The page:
A new study published in the journal JAMA Network Open reveals that artificial sweeteners in diet soda make women and obese people crave more sugary food. Published by researchers from the University of Southern California, the study finds that diet drinks may not have calories, but they make vulnerable people crave more for food.

Artificial Sweeteners in Diet Soda Make Women Experience Higher Food Cravings

Sucralose is an artificial sweetener that is often used in diet soda. Researchers found that it stimulates the appetite in some people – females and fat people – by reducing the activity of the hormone that suppresses appetite.

“We found that females and people with obesity had greater brain reward activity,” said Katie page, a physician specializing in obesity. “I think what was most surprising was the impact of body weight and biological sex. They were very important factors in the way that the brain responded to the artificial sweetener.”

The authors of the research said people feel like eating more food after consuming drinks with artificial sweeteners. But this is not the case when they take drinks with normal sugar. Incidentally, males and people with normal body weight do not feel more hunger after consuming artificially sweetened drinks. This suggests that sucralose may not be advisable for people willing to observe a strict diet regime.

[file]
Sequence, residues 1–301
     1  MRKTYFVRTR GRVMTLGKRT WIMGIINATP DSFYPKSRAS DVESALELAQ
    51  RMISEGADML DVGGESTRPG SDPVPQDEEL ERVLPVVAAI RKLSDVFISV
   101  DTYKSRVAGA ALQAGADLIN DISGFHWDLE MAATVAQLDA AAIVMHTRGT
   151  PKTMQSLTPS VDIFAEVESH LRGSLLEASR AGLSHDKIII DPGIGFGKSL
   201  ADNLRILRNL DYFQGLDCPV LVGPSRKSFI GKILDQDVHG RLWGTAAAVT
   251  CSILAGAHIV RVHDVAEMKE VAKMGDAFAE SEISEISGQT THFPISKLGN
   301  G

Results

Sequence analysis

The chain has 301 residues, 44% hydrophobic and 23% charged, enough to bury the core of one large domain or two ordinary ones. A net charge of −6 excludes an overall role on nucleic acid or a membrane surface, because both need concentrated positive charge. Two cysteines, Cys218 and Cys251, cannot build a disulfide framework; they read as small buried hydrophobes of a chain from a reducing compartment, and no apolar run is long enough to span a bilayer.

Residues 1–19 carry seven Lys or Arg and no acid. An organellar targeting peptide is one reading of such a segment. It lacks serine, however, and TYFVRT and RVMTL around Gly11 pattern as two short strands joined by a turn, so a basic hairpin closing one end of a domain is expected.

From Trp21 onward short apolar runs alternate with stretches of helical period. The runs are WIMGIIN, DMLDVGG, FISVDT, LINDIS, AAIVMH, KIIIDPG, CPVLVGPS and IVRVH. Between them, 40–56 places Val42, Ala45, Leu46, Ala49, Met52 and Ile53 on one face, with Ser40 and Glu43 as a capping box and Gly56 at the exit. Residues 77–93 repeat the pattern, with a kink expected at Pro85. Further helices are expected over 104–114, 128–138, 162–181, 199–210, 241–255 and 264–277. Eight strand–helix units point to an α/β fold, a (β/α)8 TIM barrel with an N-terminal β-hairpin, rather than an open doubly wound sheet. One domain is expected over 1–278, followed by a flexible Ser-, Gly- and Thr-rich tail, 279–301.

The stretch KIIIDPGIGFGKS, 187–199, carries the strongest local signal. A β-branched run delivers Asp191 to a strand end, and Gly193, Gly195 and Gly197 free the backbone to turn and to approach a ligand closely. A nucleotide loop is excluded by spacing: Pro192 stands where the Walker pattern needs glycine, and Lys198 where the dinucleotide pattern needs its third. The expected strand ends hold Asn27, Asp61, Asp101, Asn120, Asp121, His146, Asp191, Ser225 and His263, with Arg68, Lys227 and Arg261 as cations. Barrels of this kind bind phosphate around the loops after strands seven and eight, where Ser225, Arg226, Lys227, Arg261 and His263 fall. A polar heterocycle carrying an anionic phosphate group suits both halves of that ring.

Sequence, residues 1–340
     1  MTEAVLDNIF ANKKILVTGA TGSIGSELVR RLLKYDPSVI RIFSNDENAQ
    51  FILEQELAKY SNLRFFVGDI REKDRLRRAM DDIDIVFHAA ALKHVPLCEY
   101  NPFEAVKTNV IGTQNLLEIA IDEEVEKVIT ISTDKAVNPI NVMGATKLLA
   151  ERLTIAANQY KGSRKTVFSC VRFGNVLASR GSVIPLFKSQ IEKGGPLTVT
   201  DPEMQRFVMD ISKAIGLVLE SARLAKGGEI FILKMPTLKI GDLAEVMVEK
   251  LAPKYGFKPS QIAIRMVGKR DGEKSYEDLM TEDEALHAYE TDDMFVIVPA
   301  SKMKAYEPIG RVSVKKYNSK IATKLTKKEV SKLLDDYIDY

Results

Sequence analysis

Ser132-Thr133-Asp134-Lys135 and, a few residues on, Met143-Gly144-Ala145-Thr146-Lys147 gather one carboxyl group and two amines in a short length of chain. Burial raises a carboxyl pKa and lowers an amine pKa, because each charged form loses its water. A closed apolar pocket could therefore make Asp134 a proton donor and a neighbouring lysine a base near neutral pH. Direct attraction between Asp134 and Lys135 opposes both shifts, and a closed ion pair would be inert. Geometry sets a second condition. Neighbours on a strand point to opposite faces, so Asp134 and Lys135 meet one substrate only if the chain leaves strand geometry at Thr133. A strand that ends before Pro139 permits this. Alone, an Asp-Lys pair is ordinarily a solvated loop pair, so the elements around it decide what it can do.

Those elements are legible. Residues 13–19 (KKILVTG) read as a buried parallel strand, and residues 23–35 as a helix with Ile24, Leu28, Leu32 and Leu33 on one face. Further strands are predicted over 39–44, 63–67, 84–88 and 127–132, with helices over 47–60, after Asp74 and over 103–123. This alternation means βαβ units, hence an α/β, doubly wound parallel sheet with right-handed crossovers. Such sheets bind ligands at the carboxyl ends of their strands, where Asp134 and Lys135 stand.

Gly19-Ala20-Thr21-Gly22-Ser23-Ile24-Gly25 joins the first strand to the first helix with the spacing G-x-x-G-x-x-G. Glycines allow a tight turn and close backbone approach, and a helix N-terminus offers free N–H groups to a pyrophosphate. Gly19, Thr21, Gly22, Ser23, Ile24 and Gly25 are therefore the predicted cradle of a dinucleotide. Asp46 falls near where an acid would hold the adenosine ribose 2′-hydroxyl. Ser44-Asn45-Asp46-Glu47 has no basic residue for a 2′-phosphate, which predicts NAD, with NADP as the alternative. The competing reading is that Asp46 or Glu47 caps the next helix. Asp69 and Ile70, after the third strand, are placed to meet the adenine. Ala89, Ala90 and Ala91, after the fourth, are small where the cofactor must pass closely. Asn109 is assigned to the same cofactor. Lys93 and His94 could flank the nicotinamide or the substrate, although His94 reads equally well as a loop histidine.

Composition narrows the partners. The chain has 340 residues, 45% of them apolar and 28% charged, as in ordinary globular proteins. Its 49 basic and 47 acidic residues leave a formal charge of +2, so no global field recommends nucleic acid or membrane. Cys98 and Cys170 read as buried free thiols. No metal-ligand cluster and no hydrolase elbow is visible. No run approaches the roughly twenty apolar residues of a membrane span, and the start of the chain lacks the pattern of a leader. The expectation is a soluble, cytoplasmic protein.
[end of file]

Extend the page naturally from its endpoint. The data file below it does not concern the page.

To determine the way people respond to diet soda, the researchers applied three techniques. They recruited 74 participants and divided them into three parts. For the first group, MRI brain images of the parts of the brain associated with food desire and cravings were scanned. For the second group, their blood samples were collected to analyze the amount of sugar and metabolic hormones responsible for hunger.

And for the third group, their body indices were taken during meals arranged for the end of each study session.

Incidentally, several studies have not been able to establish whether consumption of diet soda aids weight loss goals. In fact, a few studies suggest that soda is associated with weight gain when consumed for a long period. Laura Schmidt, a professor of health policy at the University of California in San Francisco, said it is likely that artificial sweeteners are activating the brains of fat people to demand high-calorie foods.

Susan Swithers, a behavioral scientist at Purdue University, said artificial sweeteners in soda influence food metabolism and body weight. A study found that sweeteners may be able to trick the body into expecting real sugar after tasting sweeteners due to natural conditioning. But since the sugar does not come, it reduces the acuteness of the body to anticipate sugary responses even when sugar is consumed after sweeteners.

“You are supposed to get sugar after something tastes sweet,” Swithers said. “Your body has been conditioned to that. When you get the sweet taste without the sugar, that changes how you respond to sugar the next time because you don’t know whether it’s coming or not.”